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PNS Daily Newscast - November 13, 2018. 


Californian’s now facing a pair of wildfires; Also on the Tuesday rundown: Higher education in New Jersey: a racial split; plus food resources still available despite the “public charge” proposal.

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National Park Service Wants Missouri Input On Ozark Riverways

July 20, 2009

ST. LOUIS - Two of America's clearest spring-fed rivers make up the Ozark National Scenic Riverways in southern Missouri, attracting more than two million visitors each year to the Current and Jacks Fork Rivers. The Riverways is one of a kind in North America, with more than 350 springs and hundreds of caves dotting the landscape.

However, this popular area for float trips and camping is having problems; one of the concerns is drunken and disorderly behavior that's become commonplace on the rivers. The U.S. National Park Service, which manages the Riverways, is updating its General Management Plan on how the waters can be used, trying to strike a balance in which families can continue to enjoy the beautiful scenery while the natural resources are maintained.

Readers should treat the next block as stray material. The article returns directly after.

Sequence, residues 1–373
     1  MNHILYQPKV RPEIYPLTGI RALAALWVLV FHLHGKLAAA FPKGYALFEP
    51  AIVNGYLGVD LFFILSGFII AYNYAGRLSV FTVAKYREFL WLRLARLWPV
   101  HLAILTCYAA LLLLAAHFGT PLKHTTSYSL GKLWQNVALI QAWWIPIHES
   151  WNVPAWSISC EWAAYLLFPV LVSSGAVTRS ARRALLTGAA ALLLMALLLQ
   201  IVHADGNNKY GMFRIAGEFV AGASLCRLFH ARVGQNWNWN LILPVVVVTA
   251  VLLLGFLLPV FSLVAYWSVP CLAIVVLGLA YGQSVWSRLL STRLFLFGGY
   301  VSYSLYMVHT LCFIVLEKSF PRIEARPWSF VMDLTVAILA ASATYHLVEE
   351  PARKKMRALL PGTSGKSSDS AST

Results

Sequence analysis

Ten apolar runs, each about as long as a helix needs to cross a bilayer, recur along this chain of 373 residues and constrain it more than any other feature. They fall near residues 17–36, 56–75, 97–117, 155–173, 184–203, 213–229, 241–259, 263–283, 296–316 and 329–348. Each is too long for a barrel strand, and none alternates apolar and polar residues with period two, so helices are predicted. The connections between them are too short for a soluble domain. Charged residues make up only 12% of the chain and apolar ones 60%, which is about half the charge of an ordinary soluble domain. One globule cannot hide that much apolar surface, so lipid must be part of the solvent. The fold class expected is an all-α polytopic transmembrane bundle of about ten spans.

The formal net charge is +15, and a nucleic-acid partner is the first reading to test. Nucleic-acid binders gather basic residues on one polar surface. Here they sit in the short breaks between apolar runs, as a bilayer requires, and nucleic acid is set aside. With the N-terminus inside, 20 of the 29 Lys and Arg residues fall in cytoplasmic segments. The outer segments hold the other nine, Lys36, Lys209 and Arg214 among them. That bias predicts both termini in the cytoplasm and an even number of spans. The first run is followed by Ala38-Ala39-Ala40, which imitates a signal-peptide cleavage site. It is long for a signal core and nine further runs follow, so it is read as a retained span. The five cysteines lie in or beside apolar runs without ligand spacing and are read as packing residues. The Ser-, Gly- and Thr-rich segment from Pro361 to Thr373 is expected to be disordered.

Kathleen Logan Smith, executive director of the Missouri Coalition for the Environment, says the Ozark Riverways is feeling the effect of overuse and even abuse.

"Like every other place that's amazing and wonderful in the world, it's under pressure because lots of people like to go there. And not everybody is really sensitive to what they leave behind or what kind of impact that they have while they're there."

Smith says no one recommends banning some of the recreational activities, such as use of all-terrain vehicles and back country trail riding, but there are some recommendations to limit some uses.

"We need to get plans and procedures in place to stop the downhill slide, and just make sure that we're preserving what was intended to be preserved."

Smith says effects on the trails from horses and ATVs are already being seen. Compacting the soil on the trails increases runoff, and she says that chokes the rivers with gravel and other debris.

Missourians have until the end of July to post their comment with the National Park Service on its Web site at
www.nps.gov

Heather Claybrook, Public News Service - MO